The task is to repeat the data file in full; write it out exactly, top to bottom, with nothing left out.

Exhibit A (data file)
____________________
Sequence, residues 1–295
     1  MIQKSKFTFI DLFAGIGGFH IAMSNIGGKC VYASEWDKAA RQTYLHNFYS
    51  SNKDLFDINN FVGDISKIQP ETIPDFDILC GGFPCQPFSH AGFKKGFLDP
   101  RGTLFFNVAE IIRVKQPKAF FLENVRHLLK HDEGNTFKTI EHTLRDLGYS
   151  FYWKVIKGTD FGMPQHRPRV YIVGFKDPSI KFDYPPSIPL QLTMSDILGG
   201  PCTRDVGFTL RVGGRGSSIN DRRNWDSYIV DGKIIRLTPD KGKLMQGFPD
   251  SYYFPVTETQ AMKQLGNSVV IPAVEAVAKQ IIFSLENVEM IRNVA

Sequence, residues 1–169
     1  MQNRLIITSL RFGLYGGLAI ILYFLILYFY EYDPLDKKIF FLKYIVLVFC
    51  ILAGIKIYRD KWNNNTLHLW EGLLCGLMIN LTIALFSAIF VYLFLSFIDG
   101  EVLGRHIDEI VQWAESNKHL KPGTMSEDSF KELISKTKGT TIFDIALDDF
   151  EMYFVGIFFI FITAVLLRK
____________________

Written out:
Sequence, residues 1–295
     1  MIQKSKFTFI DLFAGIGGFH IAMSNIGGKC VYASEWDKAA RQTYLHNFYS
    51  SNKDLFDINN FVGDISKIQP ETIPDFDILC GGFPCQPFSH AGFKKGFLDP
   101  RGTLFFNVAE IIRVKQPKAF FLENVRHLLK HDEGNTFKTI EHTLRDLGYS
   151  FYWKVIKGTD FGMPQHRPRV YIVGFKDPSI KFDYPPSIPL QLTMSDILGG
   201  PCTRDVGFTL RVGGRGSSIN DRRNWDSYIV DGKIIRLTPD KGKLMQGFPD
   251  SYYFPVTETQ AMKQLGNSVV IPAVEAVAKQ IIFSLENVEM IRNVA

Sequence, residues 1–169
     1  MQNRLIITSL RFGLYGGLAI ILYFLILYFY EYDPLDKKIF FLKYIVLVFC
    51  ILAGIKIYRD KWNNNTLHLW EGLLCGLMIN LTIALFSAIF VYLFLSFIDG
   101  EVLGRHIDEI VQWAESNKHL KPGTMSEDSF KELISKTKGT TIFDIALDDF
   151  EMYFVGIFFI FITAVLLRK